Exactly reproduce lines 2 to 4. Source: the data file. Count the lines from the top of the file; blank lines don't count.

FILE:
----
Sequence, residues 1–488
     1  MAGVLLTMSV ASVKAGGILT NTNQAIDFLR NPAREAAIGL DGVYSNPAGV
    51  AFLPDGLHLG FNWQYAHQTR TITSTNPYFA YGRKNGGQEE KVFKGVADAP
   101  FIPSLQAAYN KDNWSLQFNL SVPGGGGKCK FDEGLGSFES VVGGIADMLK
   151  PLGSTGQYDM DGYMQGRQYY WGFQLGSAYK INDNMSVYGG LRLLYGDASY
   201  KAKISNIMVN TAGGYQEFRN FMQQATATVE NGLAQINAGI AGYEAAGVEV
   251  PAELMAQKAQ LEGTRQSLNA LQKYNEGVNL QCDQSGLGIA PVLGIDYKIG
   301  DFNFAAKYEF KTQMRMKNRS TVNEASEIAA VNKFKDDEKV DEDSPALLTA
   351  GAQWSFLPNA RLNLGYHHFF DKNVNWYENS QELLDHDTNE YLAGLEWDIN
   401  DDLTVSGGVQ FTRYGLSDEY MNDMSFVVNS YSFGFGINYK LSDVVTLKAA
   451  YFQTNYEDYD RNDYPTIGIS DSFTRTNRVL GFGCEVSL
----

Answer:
     1  MAGVLLTMSV ASVKAGGILT NTNQAIDFLR NPAREAAIGL DGVYSNPAGV
    51  AFLPDGLHLG FNWQYAHQTR TITSTNPYFA YGRKNGGQEE KVFKGVADAP
   101  FIPSLQAAYN KDNWSLQFNL SVPGGGGKCK FDEGLGSFES VVGGIADMLK